Igniting Workplace Enthusiasm
 
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"Seven Steps to Stop Whining and Start Coaching"

ACCJ
 

Ever caught yourself complaining about underperforming members of your team? By the way, hopefully you were whining to yourself, silently, and not broadcasting it around the workplace. The latter is guaranteed to send the team engagement scores plummeting, so let’s not go there.

Normally, we are expecting certain outcomes, usually attached to some form of measurement. We do our gap analysis and find our non-performers are slowly killing the business or at least, inflicting severe flesh wounds. What do we do?

Usually we complain a lot and think about removing them. In Japan, it is almost impossible to fire someone for underperformance, and as few volunteer to leave in this employment environment, what is your Plan B?

A radical thought, but maybe part of the problem is you and not them!

The possession of a perfect team, under our command, is a mirage that we may seek out but never actually enjoy. The reality is, in any team, there are different levels of performance and they vary depending on the nature of the task, the changing state of the business, and the requirements from the very top. The latter, annoyingly, change quite often and what got your team to where it is today, won’t necessarily get it to where it needs to be tomorrow.

All very good, but so what?

We need to reconsider our starting point. Switch mental gears for a moment and imagine that you are the problem and that you are not providing enough coaching and direction to the team.

Why would I think that?

Question: How busy are you every day?

Chances are you are too busy to be able to do some of the basics. Take a quick reality check - analyse your daily routine. Take a look at your schedule, and circle the periods of interaction where you were recently coaching one of the team.
Probably you came up with a big fat zero on this test.

I know you will say you don’t have time to coach all of your under-performing people, and isn’t that why you have managers anyway? What about coaching the managers, so that they fix the team performance problem for you – that magic idea of "leverage".

We are now down to coaching a finite number of key people – is that more doable?

Here are some ideas on how to add value to your coaching efforts.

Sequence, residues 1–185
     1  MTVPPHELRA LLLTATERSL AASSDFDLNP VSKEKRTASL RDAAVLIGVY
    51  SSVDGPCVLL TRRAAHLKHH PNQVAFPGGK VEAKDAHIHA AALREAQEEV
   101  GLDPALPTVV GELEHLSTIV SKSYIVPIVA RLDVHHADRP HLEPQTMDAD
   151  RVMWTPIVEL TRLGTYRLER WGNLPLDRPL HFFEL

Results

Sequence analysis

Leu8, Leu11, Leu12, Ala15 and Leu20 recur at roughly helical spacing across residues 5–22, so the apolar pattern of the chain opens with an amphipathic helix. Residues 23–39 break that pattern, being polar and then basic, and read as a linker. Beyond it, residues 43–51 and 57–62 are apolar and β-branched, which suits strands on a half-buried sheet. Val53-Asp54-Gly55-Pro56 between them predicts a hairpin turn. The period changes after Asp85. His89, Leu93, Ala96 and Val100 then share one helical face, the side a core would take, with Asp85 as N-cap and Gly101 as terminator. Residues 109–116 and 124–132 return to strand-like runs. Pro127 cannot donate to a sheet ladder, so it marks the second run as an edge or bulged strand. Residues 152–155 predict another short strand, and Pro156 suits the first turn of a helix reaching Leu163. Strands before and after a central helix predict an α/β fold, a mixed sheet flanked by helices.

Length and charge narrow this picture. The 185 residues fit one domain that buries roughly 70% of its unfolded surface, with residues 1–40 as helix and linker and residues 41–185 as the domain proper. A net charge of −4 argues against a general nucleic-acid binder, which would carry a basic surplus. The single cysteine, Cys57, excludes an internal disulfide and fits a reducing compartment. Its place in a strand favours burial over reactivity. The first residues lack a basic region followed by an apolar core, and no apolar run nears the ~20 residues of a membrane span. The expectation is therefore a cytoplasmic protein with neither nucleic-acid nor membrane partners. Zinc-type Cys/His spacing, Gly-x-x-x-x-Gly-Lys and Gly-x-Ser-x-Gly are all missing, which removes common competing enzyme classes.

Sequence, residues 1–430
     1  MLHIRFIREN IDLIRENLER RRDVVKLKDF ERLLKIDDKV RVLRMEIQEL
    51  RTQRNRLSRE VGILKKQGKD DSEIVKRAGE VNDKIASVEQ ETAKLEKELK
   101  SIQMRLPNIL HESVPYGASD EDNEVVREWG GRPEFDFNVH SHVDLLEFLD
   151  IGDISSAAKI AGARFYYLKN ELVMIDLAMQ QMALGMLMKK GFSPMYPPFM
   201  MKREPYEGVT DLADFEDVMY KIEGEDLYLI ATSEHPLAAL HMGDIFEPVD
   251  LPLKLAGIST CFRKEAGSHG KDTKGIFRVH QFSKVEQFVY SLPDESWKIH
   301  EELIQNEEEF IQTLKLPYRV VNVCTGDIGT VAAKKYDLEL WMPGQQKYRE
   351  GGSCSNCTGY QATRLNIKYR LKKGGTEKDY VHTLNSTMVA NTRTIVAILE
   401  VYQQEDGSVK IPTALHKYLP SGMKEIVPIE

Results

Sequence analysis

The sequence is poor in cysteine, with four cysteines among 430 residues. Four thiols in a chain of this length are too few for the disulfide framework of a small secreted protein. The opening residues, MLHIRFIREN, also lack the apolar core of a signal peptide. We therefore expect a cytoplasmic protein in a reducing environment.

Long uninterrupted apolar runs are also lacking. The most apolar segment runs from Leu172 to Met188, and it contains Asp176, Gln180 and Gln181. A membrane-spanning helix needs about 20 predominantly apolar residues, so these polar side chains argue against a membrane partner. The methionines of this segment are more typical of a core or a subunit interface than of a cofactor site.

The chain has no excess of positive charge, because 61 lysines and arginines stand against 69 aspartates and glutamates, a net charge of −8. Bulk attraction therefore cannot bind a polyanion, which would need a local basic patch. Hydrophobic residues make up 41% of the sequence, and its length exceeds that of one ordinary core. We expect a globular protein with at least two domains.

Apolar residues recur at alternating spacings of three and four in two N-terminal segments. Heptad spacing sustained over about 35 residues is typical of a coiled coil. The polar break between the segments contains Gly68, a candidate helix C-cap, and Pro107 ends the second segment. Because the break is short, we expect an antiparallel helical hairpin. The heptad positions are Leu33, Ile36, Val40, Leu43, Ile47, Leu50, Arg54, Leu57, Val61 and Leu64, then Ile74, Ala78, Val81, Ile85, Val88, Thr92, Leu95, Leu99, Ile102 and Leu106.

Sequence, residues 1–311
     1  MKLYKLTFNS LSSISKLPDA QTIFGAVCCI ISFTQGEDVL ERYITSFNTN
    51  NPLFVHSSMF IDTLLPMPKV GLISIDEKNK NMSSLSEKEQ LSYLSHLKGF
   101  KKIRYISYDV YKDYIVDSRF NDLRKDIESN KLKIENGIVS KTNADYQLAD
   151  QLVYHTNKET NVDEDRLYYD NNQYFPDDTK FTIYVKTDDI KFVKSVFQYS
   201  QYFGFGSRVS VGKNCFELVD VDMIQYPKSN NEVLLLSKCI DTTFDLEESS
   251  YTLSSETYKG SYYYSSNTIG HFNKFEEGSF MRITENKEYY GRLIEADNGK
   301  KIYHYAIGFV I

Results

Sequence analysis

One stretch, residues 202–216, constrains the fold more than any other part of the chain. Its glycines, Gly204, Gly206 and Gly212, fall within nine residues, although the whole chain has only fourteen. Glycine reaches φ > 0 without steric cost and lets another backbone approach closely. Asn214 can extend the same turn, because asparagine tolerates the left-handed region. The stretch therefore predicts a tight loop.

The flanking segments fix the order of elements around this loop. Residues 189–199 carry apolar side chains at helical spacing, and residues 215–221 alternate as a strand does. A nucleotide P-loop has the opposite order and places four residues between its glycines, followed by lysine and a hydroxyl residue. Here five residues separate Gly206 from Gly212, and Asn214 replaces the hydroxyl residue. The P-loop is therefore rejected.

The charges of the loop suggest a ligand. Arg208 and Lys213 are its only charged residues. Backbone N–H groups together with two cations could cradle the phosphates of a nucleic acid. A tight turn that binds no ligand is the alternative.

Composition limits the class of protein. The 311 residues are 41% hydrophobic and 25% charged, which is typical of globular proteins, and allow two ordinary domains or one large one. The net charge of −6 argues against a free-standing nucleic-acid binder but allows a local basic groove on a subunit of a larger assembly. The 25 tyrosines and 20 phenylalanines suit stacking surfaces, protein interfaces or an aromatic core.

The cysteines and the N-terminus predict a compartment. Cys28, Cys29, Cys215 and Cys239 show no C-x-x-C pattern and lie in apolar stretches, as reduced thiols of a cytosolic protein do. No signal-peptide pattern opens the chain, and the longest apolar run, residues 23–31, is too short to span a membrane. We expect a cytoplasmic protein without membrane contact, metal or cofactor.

Step One: Identify Opportunities Leading To Improved Outcomes

It might be very clear to you what needs to be done. Perhaps you can help that key person you are going to coach, to self-discover the opportunity? Sometimes it may be the other way around. The people working for us may know better than we do where the gaps are, because they are closer to the customer. Maybe there are some important skills missing in the team? A change in the business itself or business conditions may suggest where to start.

Having selected the key opportunities, then prioritise so that you don’t overburden people who already feel they are working at full capacity. Your shiny new idea or project attracts scant interest in these circumstances. Having worked out where to start, now align who you need to work on this for you. That was "align" based on experience, skills, energy and capability, by the way, not dump!

Step Two: Picture the Desired Outcome

Pinpoint what success would look like. If you can’t see it clearly in your mind, good luck expecting someone else to clue into what should be achieved. Effective coaching revolves around having a clear outcome in mind. This step in the process speeds the whole operation up and is a magnet for attracting the focus you want.

By the way, this goal has to be sold to the person being coached. That’s right "sold"! If they don’t get sold, no buy in. Leaders (hello engineers, accountants, lawyers and scientists!) who don’t understand they are in sales are going to be doing it tough forever!

Step Three: Establish the Right Attitude

I like chocolate. In fact I like dark chocolate. Geeing me up with a box of mixed chocolates or even worse, all white chocolate, won’t work for me. How well do you know your people and what personally motivates them? Are you talking in terms of their interests? Are you arousing in them an eager want to achieve the goals pictured in Step Two? Are you making them feel important in the process of achieving the goal and are you doing it in a sincere way? We all own the world we create. Make sure they are part of the creation process and the attitude required to succeed will soon be established.

Step Four: Provide the Resources